Ali v. United States, No. 16-2027 (1st Cir. 2017)Annotate this Case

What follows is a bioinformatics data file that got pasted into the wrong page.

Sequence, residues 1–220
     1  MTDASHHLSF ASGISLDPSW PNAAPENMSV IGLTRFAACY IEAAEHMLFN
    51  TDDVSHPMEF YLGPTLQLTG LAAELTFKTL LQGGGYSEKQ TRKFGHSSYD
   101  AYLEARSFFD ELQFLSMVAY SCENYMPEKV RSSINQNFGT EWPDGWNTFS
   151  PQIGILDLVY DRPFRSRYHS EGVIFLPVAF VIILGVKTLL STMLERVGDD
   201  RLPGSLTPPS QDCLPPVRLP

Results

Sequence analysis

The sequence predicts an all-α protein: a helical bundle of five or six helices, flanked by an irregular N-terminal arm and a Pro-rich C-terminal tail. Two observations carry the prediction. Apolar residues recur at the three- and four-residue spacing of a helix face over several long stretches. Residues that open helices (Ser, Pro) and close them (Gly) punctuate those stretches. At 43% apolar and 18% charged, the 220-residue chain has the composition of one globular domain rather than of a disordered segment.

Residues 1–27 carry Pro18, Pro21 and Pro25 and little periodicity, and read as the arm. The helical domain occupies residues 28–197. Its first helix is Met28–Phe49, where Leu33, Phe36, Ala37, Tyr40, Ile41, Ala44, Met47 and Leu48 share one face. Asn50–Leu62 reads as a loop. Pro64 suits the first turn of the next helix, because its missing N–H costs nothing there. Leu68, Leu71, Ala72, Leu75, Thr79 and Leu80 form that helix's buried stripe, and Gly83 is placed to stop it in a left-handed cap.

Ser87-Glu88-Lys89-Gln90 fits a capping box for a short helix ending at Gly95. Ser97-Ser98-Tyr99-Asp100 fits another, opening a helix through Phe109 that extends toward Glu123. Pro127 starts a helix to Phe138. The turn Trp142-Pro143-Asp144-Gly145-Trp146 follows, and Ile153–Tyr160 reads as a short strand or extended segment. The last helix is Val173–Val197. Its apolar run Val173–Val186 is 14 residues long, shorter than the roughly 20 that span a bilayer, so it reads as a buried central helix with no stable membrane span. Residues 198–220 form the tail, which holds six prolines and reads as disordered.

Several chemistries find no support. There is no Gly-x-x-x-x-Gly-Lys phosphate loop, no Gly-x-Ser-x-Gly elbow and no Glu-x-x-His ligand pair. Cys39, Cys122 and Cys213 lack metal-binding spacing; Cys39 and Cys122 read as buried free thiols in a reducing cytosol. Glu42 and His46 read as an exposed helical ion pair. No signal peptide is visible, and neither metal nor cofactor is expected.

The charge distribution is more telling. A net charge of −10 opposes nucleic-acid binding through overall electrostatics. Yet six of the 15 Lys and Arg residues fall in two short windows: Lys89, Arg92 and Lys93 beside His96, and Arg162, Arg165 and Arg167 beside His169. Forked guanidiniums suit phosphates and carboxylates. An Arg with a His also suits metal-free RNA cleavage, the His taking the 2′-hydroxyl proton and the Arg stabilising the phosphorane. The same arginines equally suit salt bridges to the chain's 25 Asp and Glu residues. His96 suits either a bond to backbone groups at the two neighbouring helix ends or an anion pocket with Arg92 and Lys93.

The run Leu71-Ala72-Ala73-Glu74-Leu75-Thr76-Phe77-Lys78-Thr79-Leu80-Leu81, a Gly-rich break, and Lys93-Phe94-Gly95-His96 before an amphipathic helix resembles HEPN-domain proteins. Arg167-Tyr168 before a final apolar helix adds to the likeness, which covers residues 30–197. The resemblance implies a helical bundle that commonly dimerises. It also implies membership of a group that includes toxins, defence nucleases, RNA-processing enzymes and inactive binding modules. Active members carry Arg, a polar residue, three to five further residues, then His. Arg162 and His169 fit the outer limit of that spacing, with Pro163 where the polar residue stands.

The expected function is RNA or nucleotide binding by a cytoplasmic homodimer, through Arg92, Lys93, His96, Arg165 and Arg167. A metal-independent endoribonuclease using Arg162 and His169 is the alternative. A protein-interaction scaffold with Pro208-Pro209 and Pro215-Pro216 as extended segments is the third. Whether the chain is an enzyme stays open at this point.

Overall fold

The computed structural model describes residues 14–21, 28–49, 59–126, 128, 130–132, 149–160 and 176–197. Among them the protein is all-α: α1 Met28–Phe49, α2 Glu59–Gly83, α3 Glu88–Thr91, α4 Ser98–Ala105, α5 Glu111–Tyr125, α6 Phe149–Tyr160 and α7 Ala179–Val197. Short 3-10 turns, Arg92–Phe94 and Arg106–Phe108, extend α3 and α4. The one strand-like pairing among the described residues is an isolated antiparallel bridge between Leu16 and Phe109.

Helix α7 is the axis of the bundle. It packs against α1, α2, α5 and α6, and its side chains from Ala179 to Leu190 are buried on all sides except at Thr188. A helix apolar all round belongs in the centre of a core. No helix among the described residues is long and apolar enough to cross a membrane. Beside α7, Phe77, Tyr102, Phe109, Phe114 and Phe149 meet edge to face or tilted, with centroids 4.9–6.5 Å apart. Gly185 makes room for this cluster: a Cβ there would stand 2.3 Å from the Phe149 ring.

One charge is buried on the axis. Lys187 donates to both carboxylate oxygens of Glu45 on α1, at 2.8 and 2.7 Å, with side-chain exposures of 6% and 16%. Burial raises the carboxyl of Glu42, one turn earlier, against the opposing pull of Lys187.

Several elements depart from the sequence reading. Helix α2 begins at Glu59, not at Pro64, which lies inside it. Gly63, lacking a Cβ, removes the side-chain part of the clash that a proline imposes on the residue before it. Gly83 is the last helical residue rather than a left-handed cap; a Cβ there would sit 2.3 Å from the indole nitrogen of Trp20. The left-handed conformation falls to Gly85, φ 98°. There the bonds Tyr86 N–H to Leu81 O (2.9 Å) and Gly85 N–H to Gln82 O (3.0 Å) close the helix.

Israa Hassan, a United States citizen, filed an I-130 petition seeking permanent resident status for her noncitizen husband, Kamal Ali. U.S. Citizenship and Immigration Services (USCIS) denied the petition based on its determination that Ali’s prior marriage had been fraudulent. Ali and Hassan (together, Plaintiffs) filed a lawsuit alleging that USCIS had violated their Fifth Amendment procedural due process rights by denying the I-130 petition without sua sponte offering a pre-decision evidentiary hearing. The magistrate judge issued an order granting the government’s motion for summary judgment, concluding that, even assuming that Plaintiffs had a liberty interest in Ali having permanent resident status through the petition, due process did not require an evidentiary hearing. The First Circuit affirmed, holding that, even assuming that Plaintiffs were entitled to some form of constitutionally protected liberty interest in this matter, the district court properly held that Plaintiffs did not show how their preferred procedure would have made any difference to the outcome.